What accounts for such low beer taxes? Cook notes the political dynamics of beer are somewhat different than those in the current fight over taxing sugary drinks, in which national groups have taken the lead. For example, in Washington State last year, the American Beverage Association, (currently chaired by a PepsiCo executive) spent $16.5 million on a successful ballot initiative to repeal the state’s new temporary, 2 cents per 12 ounces tax on soda and other sugary beverages. The Massachusetts fight, by contrast was funded largely by local package stores , distributors and organizations with the Beer Distributors of Massachusetts kicking in $300,000 of the $2.8 million raised.
"The beer distributors are a powerful political force in a lot of states. It’s not Anheuser-Busch,"’ says Cook.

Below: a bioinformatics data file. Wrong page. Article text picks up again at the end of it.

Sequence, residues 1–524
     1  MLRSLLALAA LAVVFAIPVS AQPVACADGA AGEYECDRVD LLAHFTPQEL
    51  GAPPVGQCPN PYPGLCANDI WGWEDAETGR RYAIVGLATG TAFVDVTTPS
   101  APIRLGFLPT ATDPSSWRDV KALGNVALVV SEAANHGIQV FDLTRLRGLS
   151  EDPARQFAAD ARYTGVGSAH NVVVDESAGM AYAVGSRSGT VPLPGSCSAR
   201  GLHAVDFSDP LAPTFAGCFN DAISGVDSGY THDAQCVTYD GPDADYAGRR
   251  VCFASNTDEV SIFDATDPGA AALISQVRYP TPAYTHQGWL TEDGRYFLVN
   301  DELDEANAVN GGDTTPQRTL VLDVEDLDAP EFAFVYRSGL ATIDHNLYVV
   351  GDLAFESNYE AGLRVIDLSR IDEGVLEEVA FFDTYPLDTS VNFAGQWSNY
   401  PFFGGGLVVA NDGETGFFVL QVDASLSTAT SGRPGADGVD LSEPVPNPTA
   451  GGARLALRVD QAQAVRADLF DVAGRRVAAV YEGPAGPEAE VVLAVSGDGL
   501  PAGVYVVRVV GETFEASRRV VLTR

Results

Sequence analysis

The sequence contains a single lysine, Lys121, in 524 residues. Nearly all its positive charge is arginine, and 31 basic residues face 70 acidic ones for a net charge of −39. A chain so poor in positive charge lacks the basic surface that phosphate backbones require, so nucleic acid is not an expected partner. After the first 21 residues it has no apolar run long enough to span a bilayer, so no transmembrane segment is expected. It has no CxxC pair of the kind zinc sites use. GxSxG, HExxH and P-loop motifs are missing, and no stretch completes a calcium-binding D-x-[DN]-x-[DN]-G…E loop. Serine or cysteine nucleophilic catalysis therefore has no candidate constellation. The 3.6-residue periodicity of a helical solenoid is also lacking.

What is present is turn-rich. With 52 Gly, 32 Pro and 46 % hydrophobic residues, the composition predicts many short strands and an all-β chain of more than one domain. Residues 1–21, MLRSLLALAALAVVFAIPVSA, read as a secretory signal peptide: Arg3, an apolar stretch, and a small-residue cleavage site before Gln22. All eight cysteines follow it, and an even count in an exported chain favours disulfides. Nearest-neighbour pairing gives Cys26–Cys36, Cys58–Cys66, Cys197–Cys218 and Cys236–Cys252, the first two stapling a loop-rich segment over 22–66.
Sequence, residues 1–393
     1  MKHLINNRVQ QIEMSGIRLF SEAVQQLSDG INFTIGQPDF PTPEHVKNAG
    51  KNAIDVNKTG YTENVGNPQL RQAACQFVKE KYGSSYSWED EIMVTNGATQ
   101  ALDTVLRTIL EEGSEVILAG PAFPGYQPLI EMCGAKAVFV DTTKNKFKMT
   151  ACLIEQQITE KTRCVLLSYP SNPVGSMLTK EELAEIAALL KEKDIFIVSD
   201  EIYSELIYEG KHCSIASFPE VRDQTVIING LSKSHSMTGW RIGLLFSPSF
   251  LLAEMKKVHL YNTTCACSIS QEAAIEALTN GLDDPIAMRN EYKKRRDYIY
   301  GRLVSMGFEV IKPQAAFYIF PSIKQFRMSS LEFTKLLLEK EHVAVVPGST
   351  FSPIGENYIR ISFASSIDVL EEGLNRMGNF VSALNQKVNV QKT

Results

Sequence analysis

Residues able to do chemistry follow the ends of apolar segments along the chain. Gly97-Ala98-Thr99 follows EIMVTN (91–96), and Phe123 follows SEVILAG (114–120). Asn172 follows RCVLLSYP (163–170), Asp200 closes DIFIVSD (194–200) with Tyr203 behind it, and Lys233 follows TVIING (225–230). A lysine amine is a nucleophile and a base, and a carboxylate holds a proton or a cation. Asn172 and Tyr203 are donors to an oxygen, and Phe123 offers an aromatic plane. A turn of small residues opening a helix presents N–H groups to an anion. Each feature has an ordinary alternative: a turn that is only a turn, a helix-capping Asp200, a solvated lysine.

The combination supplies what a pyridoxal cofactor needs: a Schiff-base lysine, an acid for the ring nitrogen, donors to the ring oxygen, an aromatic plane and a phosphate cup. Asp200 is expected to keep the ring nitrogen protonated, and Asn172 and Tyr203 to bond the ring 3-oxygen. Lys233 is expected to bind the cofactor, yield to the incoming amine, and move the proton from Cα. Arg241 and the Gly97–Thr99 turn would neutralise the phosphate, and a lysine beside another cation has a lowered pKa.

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Right...let's pretend it's not because we want the money, it's because we care about you so much. Prohibition was a failure but hey, at least those folks were being straightforward. If governments gave a crap they wouldn't be bankrolling their projects off this decadent lifestyle (/sarcasm).
Besides, the young and broke are already buying the cheapest swill there is.
"Teenagers will not pick up that second six pack on a Thursday night"? Uh, it's already illegal for teens to drink.
Enforce the laws already on the books.
A higher tax would do NOTHING unless it was so exorbitantly high that NO ONE could afford beer; then bootlegging, here we come!
Maybe a slightly higher tax that could be put towards education would be a good idea, but we all know what happens when the money gets shifted into another state coffer (see: lotteries).
1. Put a $5000 per year tax on anyone calling themselves an "ECONOMIST".
2. Make all "ECONOMISTS" do actual work for a living every other year.
3. End Tenure for all "ECONOMISTS".
Problem solved on 99% of all ECONOMIC theories and postulates.